I would strongly advocate for commercial use, to connect to operator SMS-C. It has been quite easy to do it now and every operator offers solution either directly of through SMS broker like Sybase M365, mBlox or Netsize.

           

          Regards

           

          Lea

          • Re: SMS vs IP
            Newbie

            Hi,

             

            i must confirm that we also recommend to directly connect to SMS-C, as we do for our SMS application for tank levels, where we have contract with various GSM operators to connect directly SMS-C, usually called "large account", mostly done by VPN connexion to GSM Operator platform.

             

            regards, J-M

  • Re: SMS vs IP
    Newbie

    Depenends on your application. For frequent reports TCP is the way to go. But for infrequent use SMS. If you need to send a message to the mobile unit use SMS no matter which you are using.

  • Re: SMS vs IP
    Loic Bonvarlet Newbie

    Hi Nicholas,

    My recommendation and what I have seen in the industry quite a bit is to use UDP for low bandwidth application. You have only a 20 bytes overhead, and can control fully the traffic by implementing your own connection control over UDP (Acks, retransmission...). SMS will most likely being slower and a more expensive solution, typically used only today as a backup if GPRS fails.

    Regards,

    Loic

  • Re: SMS vs IP
    Newbie

    Nick

     

    we have devices installed across the US using SMS

    response time has not been an issue  and gateway set up was fine

     

    One other factor to consider - SMS will work in  lower coverage areas

    so if you are installing in locations with limited cellular coverage SMS can have an advantage

     

    regards

     

    martin

    • Re: SMS vs IP
      Newbie

      Also remember if you are using sms there  may be security issues. Be careful that  if you have a  device  repsonding to sms that it filters the source of the source of thesource of the sms or better still restruct the enviroenmnet to a closed environmnet. Ask your carrier about this. They may be able to set a closed sms environment for you.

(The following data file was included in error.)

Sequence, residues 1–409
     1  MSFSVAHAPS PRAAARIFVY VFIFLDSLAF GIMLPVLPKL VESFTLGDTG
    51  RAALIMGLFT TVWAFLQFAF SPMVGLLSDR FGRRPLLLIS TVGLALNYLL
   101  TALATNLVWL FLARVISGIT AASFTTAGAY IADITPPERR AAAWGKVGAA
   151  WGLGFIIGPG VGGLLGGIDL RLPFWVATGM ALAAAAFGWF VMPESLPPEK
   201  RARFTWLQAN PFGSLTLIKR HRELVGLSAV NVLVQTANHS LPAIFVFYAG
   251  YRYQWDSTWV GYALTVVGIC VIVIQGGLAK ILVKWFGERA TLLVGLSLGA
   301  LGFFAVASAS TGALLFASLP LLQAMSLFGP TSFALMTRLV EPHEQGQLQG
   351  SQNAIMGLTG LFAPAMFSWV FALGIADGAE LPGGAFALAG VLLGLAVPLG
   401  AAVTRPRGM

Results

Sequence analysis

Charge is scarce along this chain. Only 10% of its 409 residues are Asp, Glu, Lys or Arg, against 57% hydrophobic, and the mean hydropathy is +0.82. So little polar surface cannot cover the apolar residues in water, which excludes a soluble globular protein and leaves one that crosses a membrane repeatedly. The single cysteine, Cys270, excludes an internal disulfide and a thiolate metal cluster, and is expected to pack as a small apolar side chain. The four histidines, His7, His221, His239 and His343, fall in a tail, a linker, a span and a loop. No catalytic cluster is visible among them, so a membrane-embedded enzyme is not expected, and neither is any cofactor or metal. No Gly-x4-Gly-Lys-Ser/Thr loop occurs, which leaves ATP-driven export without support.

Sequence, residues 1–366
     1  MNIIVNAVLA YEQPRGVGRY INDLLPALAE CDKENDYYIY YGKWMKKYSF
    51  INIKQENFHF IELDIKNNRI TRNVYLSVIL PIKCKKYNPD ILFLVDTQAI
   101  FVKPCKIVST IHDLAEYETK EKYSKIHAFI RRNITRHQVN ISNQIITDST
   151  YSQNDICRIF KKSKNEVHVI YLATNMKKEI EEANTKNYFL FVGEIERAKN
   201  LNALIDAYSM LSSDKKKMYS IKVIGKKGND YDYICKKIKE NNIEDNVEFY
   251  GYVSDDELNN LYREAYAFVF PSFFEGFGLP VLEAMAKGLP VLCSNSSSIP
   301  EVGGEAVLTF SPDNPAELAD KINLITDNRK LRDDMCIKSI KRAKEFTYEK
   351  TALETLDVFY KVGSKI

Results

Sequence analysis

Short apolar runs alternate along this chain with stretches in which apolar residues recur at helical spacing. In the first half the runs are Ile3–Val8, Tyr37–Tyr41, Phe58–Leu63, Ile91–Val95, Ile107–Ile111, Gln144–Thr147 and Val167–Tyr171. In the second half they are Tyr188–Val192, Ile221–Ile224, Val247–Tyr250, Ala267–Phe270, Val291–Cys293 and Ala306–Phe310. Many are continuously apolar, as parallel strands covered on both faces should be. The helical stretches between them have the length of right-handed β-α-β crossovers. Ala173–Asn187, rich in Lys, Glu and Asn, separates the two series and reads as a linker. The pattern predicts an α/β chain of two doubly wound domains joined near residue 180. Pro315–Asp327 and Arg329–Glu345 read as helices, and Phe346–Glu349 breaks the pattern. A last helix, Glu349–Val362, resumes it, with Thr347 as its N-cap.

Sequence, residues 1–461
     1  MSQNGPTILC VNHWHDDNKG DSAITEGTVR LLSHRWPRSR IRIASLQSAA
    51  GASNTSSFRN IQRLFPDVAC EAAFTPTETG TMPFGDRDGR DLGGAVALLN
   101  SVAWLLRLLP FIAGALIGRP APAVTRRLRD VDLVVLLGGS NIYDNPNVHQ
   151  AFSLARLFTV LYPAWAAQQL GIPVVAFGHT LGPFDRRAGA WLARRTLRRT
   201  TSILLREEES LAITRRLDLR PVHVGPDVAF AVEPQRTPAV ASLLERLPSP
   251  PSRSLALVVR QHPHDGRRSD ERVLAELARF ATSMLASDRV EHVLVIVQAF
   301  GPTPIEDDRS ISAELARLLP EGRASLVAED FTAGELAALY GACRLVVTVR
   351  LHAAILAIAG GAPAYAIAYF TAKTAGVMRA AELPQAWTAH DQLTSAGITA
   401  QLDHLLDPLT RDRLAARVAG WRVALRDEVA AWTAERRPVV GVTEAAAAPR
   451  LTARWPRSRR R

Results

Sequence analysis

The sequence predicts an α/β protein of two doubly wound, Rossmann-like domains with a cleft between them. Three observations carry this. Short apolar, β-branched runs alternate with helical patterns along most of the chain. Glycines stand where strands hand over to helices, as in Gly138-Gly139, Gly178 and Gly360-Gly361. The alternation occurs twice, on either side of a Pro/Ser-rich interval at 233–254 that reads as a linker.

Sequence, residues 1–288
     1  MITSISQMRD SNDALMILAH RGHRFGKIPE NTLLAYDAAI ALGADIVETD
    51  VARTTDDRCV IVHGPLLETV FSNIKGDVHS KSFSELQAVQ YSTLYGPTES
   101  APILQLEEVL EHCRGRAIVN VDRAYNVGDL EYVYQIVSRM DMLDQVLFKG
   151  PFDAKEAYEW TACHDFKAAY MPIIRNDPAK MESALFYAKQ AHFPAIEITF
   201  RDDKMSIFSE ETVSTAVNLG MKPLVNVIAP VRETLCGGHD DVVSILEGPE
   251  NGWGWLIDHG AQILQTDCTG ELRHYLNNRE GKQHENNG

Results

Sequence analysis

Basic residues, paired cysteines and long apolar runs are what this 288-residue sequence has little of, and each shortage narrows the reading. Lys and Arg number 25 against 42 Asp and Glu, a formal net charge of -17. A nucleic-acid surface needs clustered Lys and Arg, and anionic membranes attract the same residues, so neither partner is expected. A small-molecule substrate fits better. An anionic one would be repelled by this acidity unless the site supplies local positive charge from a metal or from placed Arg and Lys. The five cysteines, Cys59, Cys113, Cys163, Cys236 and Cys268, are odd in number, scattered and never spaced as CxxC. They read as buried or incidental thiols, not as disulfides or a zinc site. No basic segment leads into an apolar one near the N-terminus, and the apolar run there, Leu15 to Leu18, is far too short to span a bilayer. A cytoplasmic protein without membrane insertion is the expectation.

• Re: SMS vs IP
        Newbie

        Good Point David!

         

        To add to this, I would recommend that if you are using an SMPP bind with your carrier, that you run that over a VPN  to increase the security of the solution.

         

        AT&T does offer a "closed" SMS environment with their Control Center offering, which significantly increases security and limits any issues you might have with regard to "premium SMS" due to SPAM.

         

        Mike

  • Re: SMS vs IP
    Newbie

    And let's not forget that the cost difference can be very significant (the figs below are for US implementations):

    • Typically a few cents will buy 140 bytes* of SMS data (for wholesale MT or MO) plus any costs for the SMPP/ESME leg.
    • Typically a few cents will buy 10k bytes of GPRS data with no costs for the internet/VPN leg.
    • Either approach may require VPNs to protect the non-mobile leg and may have some setup for SMSC and GGSN/AP
    • (the pricing can be significantly different if bundles are used, note also the data rounding and session utilization issues).

                   * or 160 7 bit characters

     

    All other points above are also valid - it seems that many devices support both GPRS and SMS to provide increased redundancy and flexibility, and 'simpler' MT (for things like pet trackers where session initiation can be triggered from the owners phone by SMS to the device).

    • Re: SMS vs IP
      Newbie

        David

       

      I am not sure I agree with your pricing comparison.

       

      The comparison between an sms and the data required to send it is known , but  how that is effected by rounding really depends on the opertaor and teh application.

       

       

      re price for added security and reliability. I woudl suggest that this is always a wise investment , if not for yourself then for your customers.

  • Re: SMS vs IP
    Harald Naumann Expert

    What about SMS vs IP vs USSD vs DTMF vs Data on Audio Codec?

    http://www.gsm-modem.de/M2M/m2m-faq/how-to-send-data-over-gsm-voice-lines/

     

    On IP you have to register to GSM and after that to register to GPRS. This is a power consuming process. By small amount of data and sending once or twice per day SMS or USSD are better. It will save your battery. If you would like to get further details, then just send me an email to hn@gsm-modem.de

     

    With the digital audio codec you can do voice encryption as well.
    http://www.gsm-modem.de/gsm-voice-encryption.html
    If you can encrypt voice, then you can code data in audio stream as well.

  • Re: SMS vs IP
    Newbie

    At Sensile for our application which also require very little few data, we definitely choose SMS. We work in more than 34 countries and are happy not to deal with "simple" SMS. I say simple, cause we had already some issues depending on country or GSM operator.

     

    SMS: simple, effective, buffered by GSM operator

     

    regards, Jean-Marc